Thing #857 I Hate About Anxiety: Feeling nervous/scared/nauseous about something you possibly, maybe did in the past. Two other sucky things about this feeling?
- You can’t remember what the hell you did to feel this way.
- You’re awake at night stressing.
Anxiety will have you convinced you did some ridiculous, embarrassing, not smart thing somewhere in your past but you’ll never pinpoint it. You’ll spend forever scanning though all the embarrassing mistakes you’ve ever made in a futile attempt to figure out what it was you did. You’ll never find it though. You’ll never find that *one thing* that made you feel this way. Have fun going through those memories through!
Even if you do find a specific *thing* in your past that you feel is the reason you’re anxious, what’s the point? It’s the past. You can’t change it. You know this. You objectively know this, but try telling that to your brain. Once anxiety takes hold, there’s no telling your mind that what you’re doing, the constant stressing over the past, is ridiculous.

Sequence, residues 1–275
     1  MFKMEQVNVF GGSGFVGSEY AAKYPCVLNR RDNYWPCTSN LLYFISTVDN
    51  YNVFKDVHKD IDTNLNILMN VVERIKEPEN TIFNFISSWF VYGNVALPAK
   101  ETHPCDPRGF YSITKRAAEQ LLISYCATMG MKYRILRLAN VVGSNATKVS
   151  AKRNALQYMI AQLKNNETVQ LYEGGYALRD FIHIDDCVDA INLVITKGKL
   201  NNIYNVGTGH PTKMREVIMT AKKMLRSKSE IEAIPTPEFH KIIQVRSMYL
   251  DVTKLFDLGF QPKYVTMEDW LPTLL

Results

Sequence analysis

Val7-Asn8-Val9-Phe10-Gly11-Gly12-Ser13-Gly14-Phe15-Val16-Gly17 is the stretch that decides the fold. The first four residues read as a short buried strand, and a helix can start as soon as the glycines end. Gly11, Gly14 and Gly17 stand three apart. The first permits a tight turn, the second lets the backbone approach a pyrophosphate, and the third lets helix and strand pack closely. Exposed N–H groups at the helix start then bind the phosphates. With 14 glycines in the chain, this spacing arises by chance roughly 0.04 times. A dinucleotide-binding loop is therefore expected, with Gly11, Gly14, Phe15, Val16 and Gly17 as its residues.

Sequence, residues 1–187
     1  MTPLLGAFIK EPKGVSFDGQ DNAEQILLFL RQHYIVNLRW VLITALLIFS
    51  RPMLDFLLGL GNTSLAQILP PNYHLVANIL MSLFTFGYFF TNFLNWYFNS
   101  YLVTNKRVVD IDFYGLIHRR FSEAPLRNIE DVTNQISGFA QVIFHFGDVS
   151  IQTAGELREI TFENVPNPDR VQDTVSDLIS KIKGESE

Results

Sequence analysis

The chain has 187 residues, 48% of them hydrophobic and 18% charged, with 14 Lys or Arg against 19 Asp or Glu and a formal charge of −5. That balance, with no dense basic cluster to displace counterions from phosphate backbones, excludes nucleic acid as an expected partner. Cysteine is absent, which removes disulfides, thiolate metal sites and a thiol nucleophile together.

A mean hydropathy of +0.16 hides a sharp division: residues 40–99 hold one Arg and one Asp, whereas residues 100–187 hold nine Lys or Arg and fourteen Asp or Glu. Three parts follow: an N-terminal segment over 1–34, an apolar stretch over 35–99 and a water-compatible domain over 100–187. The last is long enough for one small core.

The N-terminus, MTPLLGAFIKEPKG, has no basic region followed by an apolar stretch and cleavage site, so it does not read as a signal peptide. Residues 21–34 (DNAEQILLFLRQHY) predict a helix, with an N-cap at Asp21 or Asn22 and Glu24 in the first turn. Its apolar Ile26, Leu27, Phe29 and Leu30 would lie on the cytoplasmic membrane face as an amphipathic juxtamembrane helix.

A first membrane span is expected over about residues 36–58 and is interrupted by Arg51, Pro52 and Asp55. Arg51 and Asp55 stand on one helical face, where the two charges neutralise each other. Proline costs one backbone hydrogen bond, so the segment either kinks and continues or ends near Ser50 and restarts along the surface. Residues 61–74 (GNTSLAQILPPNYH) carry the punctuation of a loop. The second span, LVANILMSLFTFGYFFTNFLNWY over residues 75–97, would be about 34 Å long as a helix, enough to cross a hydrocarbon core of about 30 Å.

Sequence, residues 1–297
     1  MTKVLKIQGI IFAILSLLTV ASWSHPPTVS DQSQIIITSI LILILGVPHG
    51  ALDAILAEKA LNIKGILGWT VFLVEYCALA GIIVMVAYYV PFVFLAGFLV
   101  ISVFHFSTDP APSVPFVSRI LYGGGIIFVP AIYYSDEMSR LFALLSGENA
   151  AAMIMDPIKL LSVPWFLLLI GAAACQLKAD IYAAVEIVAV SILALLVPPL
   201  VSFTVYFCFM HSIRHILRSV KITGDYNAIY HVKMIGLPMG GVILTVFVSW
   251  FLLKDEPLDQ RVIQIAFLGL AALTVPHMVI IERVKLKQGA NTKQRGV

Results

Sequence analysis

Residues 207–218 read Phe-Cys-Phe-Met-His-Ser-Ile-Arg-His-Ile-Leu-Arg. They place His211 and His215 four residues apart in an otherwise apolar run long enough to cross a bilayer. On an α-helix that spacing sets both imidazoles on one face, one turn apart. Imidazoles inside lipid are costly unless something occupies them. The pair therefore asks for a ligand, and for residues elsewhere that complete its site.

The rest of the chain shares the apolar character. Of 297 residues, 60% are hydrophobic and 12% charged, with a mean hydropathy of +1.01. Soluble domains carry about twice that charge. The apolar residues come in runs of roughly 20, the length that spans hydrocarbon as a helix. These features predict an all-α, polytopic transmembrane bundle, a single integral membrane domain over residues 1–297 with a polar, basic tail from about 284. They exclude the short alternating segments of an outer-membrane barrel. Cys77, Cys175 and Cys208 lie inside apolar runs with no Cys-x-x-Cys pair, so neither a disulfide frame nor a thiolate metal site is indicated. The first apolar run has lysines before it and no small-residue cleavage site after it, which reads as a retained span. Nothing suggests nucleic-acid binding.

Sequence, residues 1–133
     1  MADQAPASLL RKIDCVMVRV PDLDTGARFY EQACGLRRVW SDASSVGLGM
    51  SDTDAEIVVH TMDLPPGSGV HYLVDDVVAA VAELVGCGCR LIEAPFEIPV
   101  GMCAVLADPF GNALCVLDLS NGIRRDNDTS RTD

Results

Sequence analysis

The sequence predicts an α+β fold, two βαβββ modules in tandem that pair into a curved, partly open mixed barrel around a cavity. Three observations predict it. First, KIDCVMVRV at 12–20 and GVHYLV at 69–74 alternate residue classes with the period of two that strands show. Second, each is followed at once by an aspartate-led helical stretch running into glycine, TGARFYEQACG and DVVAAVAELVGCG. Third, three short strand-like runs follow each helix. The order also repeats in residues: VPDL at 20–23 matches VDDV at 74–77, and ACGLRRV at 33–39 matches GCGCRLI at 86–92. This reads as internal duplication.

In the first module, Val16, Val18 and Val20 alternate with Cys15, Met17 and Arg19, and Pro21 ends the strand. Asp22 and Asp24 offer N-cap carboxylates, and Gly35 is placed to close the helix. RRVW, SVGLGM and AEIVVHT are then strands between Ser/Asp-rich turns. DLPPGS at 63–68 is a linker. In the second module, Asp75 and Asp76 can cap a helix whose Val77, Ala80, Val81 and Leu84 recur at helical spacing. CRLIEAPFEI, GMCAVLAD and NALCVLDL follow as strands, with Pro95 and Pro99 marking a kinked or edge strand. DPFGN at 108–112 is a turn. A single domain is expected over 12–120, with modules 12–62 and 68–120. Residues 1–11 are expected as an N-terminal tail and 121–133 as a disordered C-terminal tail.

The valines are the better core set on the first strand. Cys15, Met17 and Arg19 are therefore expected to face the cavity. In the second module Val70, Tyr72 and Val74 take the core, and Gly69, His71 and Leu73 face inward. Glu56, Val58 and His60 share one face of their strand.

You know you don’t have a time machine. You know you can’t go back and *fix* it, but you still stress over it. Worst bit is, what you’re stressing over might’ve happened over a decade ago and all other parties involved have forgotten about it. Not you though. You remember it in excruciating, highly over-exaggerated detail. Even if other parties do remember, they remember it as something minor. You, however, remember it as THE WORST THING EVER.
You can tell yourself that you’re being ridiculous, that you just need to not think about it, but you can’t stop. No matter how hard you try you cannot stop, so you feel guilty about not being able to stop and even more embarrassed about the thing. It’s like water circling the drain. You just go further and further down the hole.
That’s why a lot of us with severe anxiety need meds. It calms our brains down and allows the rational side to kick in and say “stop it.” The meds help us to stop stressing over shit we did 15-20 years ago and allow us to live in the moment. That’s why you don’t tell people with anxiety “don’t think about it”, “stop it”, or that they don’t need medication.